How did I get here? A Step-By-Step Guide:
Step 1: Trouble in Paradise
I grew up in San Francisco, California. My parents, former flower children, wanted to invest in the best education they could, so they sent me to independent school. I liked learning, but there were some things that concerned me about school. I remember overhearing my mom say she didn't feel accepted by the moms who stayed at home because she worked full time and didn’t participate in all school events. In middle school I wondered what it meant that most of my classmates were white, like me, but I didn't know how to ask these questions.
Step 2: Getting My Knapsack for the Journey
In high school, I attended another independent school, with a similar demographic. However, now there was a director of multi-cultural affairs, and he led a student discussion group about race--finally, a place to learn about what I had been observing and wondering. Some weeks we had a white affinity group, where we read Peggy McIntosh’s “White Privilege: Unpacking the Invisible Knapsack.” The ideas in this paper helped me start to understand how oppression operated around me (even in liberal San Francisco!).
Step 3: Creating Creative Curriculum
The following summer I was introduced to teaching through the Summerbridge program, whose motto was: Students Teaching Students. The model was to bring public middle school students to our high school to take enrichment classes taught by high school and college students—on topics ranging from animal dissection to Civil Rights movement history. Demographically, we turned our high school campus inside out, and we made it cool to be nerdy. It was a new vision of how teaching could be fun and meaningful.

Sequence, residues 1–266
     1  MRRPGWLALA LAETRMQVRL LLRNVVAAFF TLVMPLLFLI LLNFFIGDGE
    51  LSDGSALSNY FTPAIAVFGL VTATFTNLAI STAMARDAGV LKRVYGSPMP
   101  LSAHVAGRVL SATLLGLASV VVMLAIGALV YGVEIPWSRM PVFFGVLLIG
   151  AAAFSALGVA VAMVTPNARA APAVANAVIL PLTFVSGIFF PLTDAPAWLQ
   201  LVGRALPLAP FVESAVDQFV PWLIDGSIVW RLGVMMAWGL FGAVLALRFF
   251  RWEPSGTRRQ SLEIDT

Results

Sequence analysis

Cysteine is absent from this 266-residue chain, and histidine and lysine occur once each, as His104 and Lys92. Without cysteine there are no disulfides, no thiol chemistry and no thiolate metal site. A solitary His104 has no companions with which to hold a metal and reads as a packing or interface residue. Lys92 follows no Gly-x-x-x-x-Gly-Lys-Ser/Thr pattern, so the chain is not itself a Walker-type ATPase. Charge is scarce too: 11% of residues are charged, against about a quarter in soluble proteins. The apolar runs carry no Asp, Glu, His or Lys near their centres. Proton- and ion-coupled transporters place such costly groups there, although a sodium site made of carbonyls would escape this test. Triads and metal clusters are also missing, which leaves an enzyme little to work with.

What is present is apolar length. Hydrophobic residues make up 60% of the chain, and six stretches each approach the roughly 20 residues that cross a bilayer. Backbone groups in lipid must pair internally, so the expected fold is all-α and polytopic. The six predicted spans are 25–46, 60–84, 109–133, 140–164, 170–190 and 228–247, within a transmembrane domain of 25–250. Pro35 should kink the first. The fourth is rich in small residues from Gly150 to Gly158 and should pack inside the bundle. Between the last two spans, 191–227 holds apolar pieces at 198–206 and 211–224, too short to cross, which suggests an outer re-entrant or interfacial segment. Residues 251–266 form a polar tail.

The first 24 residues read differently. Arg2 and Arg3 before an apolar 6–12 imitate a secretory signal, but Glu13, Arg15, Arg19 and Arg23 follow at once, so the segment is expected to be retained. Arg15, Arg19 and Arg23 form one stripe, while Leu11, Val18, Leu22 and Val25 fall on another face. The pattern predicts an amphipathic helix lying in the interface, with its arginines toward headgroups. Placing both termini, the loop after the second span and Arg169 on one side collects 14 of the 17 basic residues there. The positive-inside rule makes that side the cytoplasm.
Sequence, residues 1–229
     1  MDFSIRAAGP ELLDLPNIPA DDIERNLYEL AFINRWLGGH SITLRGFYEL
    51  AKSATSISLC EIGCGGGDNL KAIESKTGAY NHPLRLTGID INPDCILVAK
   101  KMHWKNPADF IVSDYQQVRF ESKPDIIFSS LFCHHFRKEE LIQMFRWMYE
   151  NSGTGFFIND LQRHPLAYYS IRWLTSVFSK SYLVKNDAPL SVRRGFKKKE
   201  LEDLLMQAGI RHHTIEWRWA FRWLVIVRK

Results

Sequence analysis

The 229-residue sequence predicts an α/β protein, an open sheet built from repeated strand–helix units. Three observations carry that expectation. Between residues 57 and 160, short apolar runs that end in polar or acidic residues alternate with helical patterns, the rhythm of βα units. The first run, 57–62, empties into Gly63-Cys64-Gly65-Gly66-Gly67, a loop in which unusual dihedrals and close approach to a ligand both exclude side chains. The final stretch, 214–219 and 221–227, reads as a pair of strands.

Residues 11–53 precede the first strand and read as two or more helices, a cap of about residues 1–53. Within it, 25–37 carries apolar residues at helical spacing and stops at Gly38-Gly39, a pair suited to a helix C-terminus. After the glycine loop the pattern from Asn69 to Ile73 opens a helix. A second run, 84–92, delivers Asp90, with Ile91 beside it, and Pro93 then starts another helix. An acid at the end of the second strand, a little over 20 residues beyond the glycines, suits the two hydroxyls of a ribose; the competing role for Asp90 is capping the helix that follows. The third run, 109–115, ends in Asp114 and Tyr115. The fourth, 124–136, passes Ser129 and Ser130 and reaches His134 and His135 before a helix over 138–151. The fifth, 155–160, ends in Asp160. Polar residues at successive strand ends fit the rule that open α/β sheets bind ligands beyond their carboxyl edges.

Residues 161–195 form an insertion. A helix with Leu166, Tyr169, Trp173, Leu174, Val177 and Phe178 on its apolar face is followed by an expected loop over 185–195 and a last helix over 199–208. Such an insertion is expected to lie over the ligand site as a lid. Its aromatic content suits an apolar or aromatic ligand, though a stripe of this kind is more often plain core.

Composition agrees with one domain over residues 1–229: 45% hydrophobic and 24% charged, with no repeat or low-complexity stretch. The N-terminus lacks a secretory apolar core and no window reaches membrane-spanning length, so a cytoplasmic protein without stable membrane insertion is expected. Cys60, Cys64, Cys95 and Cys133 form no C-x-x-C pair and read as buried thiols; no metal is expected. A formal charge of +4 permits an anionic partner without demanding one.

Step 4: Stop and Smell the Stories:
I went to college looking forward to learning the foundational skills for a career. When I realized that Harvard didn’t offer courses in such practical topics as teaching, I had to radically refocus. I went looking for stories that I had never heard--understanding history beyond textbooks. My favorite classes focused on colonization, post-colonialism and the literature of native writers in the Americas. The most meaningful part of the college experience was the opportunity to get to know to Briceida Cuevas Cob, a Mayan poet whose bilingual poetry became the topic of my senior thesis.
Step 5: Sit in the Circle
After college I took a job as a teaching assistant in a kindergarten class at a public charter school in New York City. Witnessing five-year-olds learn to read and write was a magical experience, reigniting the flame that Summerbridge had sparked years earlier. I decided to pursue teaching as a career. Six years later, after getting a masters’ degree and a certification in general education and special education, SEED is taking me on the next leg of my journey, deepening my practice as a teacher, a student and a community member. I look forward to seeing what grows next!